How to peel a banana

I think we’ve all had the frustrating experience of struggling to open a banana in which the peel won’t split near the stem, which obnoxiously manages to be the strongest part of the fruit — so you pull out a knife to get it started, or just end up mashing the top of the banana in your attempt to get it open. And yet somehow it never occurred to to me to try peeling it… from the other end!

Known as the “monkey method” of peeling a banana, this approach is trivially easy to achieve. You simply pinch or twist at the bottom end of the banana, and it obligingly splits open. I’m astonished that it never even occurred to me to explore better ways to do this. Wow! (Thanks for the tip, Evan!)

Standard Monkey

Beyond that, there are apparently many strategies for peeling a banana that differ from the “standard” (and apparently suboptimal) approach. I’ve already employed the “thumbnail method” in the past, when a knife was lacking and I was still ineffectually wrangling with the stem end. Now I’m eager to try the “throwing method.” And do read to the bottom of that link to learn about the “pro method.”

3 of 3 people learned something from this entry.

  1. Tyestin said,

    December 4, 2010 at 8:23 pm

    (Learned something new!)

    Huh. Just tried the upside-down method and failed. Merely managed to smush the end.

    On the other hand, I’ve never had any trouble opening bananas from the stem end, so… *shrug*

    One thing I have noticed with bananas is that those with no obvious blemishes on the outside seem more like to be bruised on the inside than those with brown dents/impact points. Damaged bananas are quite often perfect inside the skin. It may just be observation bias though, so I think I’ll start keeping a banana log of all those I eat, recording which have internal bruises and which don’t.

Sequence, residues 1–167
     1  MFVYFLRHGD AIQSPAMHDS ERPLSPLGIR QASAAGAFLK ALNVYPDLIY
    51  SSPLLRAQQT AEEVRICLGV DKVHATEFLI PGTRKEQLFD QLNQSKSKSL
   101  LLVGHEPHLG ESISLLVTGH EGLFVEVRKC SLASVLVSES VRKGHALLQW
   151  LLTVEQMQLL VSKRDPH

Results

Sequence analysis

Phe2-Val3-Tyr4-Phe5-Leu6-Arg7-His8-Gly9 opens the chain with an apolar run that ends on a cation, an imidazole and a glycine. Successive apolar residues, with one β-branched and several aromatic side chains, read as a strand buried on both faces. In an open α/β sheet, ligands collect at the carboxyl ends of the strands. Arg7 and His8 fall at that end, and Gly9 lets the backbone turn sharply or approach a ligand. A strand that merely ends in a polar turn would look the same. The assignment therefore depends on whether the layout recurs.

2. Kiri said,

    December 4, 2010 at 8:40 pm

    I read some more elsewhere about an alternative “monkey” method in which you press directly on the black “button” at the non-stem end, which apparently has a pocket of air under it, and this will quickly split the peel for you. I want to try this one too and see if it works better! Next banana, next banana.

  3. Terran said,

    December 5, 2010 at 8:29 am

    (Learned something new!)

    Nifty! I had seen some of these methods, and have used a couple of them myself. But hadn’t seen the “monkey method”.

    One party trick from my youth is that you can use a needle and thread to slice the banana before peeling it. You can basically construct a loop around the banana fruit by running the needle through each of the sides, so that the thread lies just under the skin. When you pull the loop through, it slices through the banana. If you do it right, you don’t leave much mark on the outside. So you can have a seemingly untouched banana that mysteriously falls into neatly cut segments when you peel it. ;-)

  4. Kiri said,

    December 5, 2010 at 5:28 pm

    (Learned something new!)

    What a cool trick, Terran! I want to try that, too :)

  5. Tyestin said,

    December 15, 2010 at 10:00 am

    So far out of 11 bananas, 4 have been damaged on the outside, 7 undamaged. Of those, 4 of the 7 undamaged were bruised under the skin, while 1 of the 4 damaged bananas was.

    Matches my previous casual observations, but certainly not enough data yet to come to a conclusion.

  6. Kiri said,

    December 28, 2010 at 7:51 pm

    As an update, I find that pressing on the end of the banana to pop it open definitely does work, with less effort and mess than working from the stem end. Now I just need to remember it — the stem-side habit has a lot of inertia if I’m not paying attention!

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